On November 20, 1946, legendary guitarist Duane Allman was born in Nashville, Tennessee. His unparalleled guitar work, songwriting and inspiring presence helped earn his namesake band a deserved place in the pantheon of rock and roll, and made him an icon.
As the principal architects of Southern rock, the Allman Brothers Band forged this new musical offshoot from elements of blues, jazz, soul, R&B and rock and roll. Along with the Grateful Dead and Cream, they help advance rock as a medium for improvisation. Their kind of jamming required a level of technical virtuosity and musical literacy that was relatively new to rock & roll, which had theretofore largely been a song-oriented medium. Duane Allman and Dickey Betts – The original guitarists in the Allman Brothers Band – broke that barrier with soaring, extended solos. Combined with organist Gregg Allman’s gruff, soulful vocals and Hammond B3 organ, plus the forceful, syncopated drive of a rhythm section that included two drummers, the Allman Brothers Band were a blues-rocking powerhouse from their beginnings in 1969. Moreover, their success paved the way for other bands from the South, including Lynyrd Skynyrd, the Marshall Tucker Band, and the Charlie Daniels Band.
The group formed around the nucleus of Gregg and Duane Allman. Younger brother Gregg initially taught and encouraged Duane to pick up the guitar. As far back as 1961, with Duane dropping out of school in order to master the instrument, the brothers played in bands around Daytona Beach, Florida, where they grew up under their Mother's watch. They formed the Allman Joys in 1965, combining the Southern blues and soul influences that they’d grown up hearing with the rocking sounds of the British Invasion bands (especially the Yardbirds). Evolving into the Hourglass, the brothers and their bandmates recorded a pair of albums in Los Angeles for the Liberty label, one of which (Power of Love, 1968), foreshadowed the sound that would fully emerge with the Allman Brothers Band. (pictured left: Duane Allman used this guitar during recording sessions for the Derek and the Dominos album Layla, 1970. He also played the guitar during concerts recorded for the album At Fillmore East, 1971. “Duane” is written on the back using old frets.)
The Allman Brothers Band evolved out of jams in Jacksonville, Florida, involving Duane and members of the Second Coming (guitarist Dickey Betts, bassist Berry Oakley) and the 31st of February (drummer Butch Trucks). Another drummer, Jai Johanny Johanson (a.k.a. “Jaimoe”), was a veteran of the soul-music circuit, having played with Otis Redding and others. A magical five-hour jam among the musicians at Trucks’ house cemented the union and prompted this remark from Duane: “Anybody who doesn’t want to be in my band is going to have to fight his way out the door.” Gregg was summoned back from California, where he was unhappily fulfilling a contractual obligation as a solo artist. The Allman Brothers Band were officially formed in March 1969 and signed to Phil Walden’s fledgling Capricorn label, which became the main driving force of the Southern-rock insurgence of the Seventies.
During the early stages of the Allman Brothers Band, Duane also worked as a session musician at Fame Recording Studios, where he acquired a reputation as the guitar player in the South. During 1969 and 1970, his blazing fretwork graced records by the likes of Aretha Franklin, Wilson Pickett, Clarence Carter and King Curtis, with whom he formed a close friendship. His contributions to the double album Layla...and Other Assorted Love Songs by Derek and the Dominos (led by Eric Clapton), cannot be overestimated.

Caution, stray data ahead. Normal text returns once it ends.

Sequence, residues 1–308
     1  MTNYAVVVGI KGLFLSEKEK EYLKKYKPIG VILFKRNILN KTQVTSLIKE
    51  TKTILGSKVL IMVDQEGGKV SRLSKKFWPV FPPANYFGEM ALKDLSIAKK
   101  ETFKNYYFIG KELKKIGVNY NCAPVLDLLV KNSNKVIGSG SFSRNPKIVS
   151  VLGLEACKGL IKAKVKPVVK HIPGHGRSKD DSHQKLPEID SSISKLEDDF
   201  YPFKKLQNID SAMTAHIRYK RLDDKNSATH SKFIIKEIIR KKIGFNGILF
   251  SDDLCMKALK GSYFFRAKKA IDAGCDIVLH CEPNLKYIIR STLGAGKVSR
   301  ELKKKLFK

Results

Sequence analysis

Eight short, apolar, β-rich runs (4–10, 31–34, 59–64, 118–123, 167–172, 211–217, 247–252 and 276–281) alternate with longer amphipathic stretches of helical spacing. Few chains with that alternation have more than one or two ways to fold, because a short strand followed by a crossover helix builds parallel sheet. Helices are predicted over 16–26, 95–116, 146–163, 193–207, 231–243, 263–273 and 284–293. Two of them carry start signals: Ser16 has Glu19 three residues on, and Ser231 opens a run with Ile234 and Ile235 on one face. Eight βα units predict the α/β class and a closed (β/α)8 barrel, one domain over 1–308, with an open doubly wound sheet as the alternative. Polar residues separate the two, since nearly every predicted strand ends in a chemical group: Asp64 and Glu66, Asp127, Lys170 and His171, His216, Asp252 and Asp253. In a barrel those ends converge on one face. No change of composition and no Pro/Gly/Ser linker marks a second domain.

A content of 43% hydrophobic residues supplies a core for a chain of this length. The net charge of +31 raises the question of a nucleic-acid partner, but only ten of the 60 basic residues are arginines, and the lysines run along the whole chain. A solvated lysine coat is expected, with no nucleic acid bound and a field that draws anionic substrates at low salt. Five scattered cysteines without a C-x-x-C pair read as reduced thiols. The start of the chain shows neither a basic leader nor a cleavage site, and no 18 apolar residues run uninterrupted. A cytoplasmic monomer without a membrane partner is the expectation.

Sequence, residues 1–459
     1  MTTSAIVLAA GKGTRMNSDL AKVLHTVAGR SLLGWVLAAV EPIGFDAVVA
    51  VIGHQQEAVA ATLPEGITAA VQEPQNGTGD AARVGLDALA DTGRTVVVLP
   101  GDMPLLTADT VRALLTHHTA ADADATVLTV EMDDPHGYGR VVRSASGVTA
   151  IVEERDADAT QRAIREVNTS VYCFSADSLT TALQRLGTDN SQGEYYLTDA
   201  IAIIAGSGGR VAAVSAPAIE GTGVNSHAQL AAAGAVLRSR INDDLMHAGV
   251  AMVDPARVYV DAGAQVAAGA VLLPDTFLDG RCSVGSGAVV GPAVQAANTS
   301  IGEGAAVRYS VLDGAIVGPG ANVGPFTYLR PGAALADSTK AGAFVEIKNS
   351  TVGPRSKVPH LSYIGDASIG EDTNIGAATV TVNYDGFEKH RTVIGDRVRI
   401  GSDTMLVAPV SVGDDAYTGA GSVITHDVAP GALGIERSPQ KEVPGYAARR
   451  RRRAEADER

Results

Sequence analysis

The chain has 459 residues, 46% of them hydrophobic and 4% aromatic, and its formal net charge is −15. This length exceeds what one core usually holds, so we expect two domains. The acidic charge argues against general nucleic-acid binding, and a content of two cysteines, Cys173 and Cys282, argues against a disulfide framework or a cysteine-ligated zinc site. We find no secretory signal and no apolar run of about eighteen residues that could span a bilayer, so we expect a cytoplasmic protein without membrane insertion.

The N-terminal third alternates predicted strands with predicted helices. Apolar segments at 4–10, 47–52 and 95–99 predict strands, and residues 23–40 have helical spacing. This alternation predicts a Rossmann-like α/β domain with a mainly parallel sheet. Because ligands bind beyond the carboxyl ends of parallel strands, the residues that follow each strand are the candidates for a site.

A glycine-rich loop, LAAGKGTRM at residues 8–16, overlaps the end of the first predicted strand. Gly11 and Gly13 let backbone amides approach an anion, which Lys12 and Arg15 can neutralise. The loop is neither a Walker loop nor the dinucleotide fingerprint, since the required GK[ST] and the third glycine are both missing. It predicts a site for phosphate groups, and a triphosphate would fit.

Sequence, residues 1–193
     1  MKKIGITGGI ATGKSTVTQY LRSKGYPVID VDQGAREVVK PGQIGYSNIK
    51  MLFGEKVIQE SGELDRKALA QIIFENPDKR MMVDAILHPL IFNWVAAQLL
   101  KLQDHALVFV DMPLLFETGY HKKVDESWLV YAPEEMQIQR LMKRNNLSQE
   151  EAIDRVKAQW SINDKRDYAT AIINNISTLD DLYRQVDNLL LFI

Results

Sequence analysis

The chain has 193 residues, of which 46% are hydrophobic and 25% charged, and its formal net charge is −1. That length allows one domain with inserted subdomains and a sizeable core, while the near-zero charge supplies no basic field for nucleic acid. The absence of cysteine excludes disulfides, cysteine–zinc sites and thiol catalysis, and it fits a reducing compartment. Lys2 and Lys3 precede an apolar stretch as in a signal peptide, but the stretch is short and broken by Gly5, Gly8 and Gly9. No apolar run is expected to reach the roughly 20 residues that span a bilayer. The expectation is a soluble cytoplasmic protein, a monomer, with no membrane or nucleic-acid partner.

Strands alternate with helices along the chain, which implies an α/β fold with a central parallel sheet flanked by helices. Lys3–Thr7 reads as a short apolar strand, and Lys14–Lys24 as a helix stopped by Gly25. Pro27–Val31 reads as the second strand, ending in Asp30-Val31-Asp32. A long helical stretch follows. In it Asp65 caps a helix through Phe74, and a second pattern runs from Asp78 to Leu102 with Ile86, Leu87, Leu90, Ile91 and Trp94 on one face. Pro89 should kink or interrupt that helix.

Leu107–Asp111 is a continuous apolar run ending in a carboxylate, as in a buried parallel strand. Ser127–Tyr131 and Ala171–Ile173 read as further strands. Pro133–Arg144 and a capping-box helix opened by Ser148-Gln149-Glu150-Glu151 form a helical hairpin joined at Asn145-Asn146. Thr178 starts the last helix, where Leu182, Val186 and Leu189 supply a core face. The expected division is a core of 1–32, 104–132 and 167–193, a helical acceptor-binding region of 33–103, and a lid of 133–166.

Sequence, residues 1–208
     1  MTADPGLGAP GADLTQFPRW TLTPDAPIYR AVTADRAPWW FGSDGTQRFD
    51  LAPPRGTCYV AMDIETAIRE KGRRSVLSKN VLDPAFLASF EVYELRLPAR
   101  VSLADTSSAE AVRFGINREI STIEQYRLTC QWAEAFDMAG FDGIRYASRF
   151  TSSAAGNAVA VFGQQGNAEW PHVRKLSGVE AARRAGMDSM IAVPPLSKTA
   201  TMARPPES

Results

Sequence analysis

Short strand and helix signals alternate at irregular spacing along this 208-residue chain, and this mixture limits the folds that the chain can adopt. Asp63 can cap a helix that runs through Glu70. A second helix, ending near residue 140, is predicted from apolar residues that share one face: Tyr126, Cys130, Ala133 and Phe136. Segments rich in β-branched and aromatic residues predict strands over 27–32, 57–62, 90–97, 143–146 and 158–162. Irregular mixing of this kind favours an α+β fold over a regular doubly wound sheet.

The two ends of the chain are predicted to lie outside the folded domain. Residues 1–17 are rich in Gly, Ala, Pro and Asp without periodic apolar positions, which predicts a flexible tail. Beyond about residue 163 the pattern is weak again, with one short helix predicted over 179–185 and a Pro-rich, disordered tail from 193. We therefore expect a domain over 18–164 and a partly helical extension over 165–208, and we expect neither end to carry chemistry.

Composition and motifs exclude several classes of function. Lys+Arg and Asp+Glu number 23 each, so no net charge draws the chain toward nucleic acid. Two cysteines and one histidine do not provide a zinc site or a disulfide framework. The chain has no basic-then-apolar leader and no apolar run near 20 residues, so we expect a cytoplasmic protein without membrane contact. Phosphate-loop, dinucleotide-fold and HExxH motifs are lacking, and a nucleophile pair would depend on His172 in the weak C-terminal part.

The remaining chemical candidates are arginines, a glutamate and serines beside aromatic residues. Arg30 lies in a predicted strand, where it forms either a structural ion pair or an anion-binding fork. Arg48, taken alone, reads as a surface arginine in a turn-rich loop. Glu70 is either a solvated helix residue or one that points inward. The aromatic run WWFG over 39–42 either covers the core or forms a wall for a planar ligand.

“He was a complete guitar player," once noted Jerry Wexler, producer and vice-president of Atlantic Records, of Duane's prowess as a sideman. "He could do everything: play rhythm, lead, blues, slide, bossa-nova, with a jazz feeling, beautiful light acoustic – and on slide guitar he got the touch. Duane is one of the greatest guitar players I ever knew, and one of the very few who could hold his own with the best of the black blues players.”
Duane was also the linchpin of the Allman Brothers Band, lighting a fire under the other members. In Gregg’s words: “My brother was one of the most intense people I’ve ever met. When he was playing, he just pulled it out of you. I don’t care if you were dog-tired or half asleep, something happened... it was like he demanded it from you.”
The group’s first two studio albums - The Allman Brothers Band (1970) and Idlewild South (1971) - contained classic songs like “Dreams,” “Whipping Post,” “Midnight Rider” and “Revival.” Both were hard-hitting announcements of the Southern-rock sound. However, it was in concert that the band burned brightest. Led by Duane’s searing guitar, the Allman Brothers Band’s live shows left devoted fans in their wake. The March 1971 concerts recorded for At Fillmore East in New York caught them at their peak. Sadly, the Allman Brothers Band – and the entire music community – was dealt a catastrophic blow when Duane Allman was killed in a motorcycle crash in Macon, Georgia, on October 29, 1971. He was 24.
The Allman Brothers Band were inducted into the Rock and Roll Hall of Fame in 1995. At the ceremony, Duane's family accepted the honor on his behalf, with Gregg sharing a poignant tribute: "In honor of the greatest friend, brother, guitar player and inspiration I've ever known, my brother Duane. He was also the first to face the fire, he was my greatest motivation."
In this clip, the surviving members of the Allman Brothers Band perform "One Way Out" at the 1995 Hall of Fame Induction Ceremony. A scorching live version of the song featuring Duane Allman appeared on the 1972 Allman Brothers Band album Eat A Peach.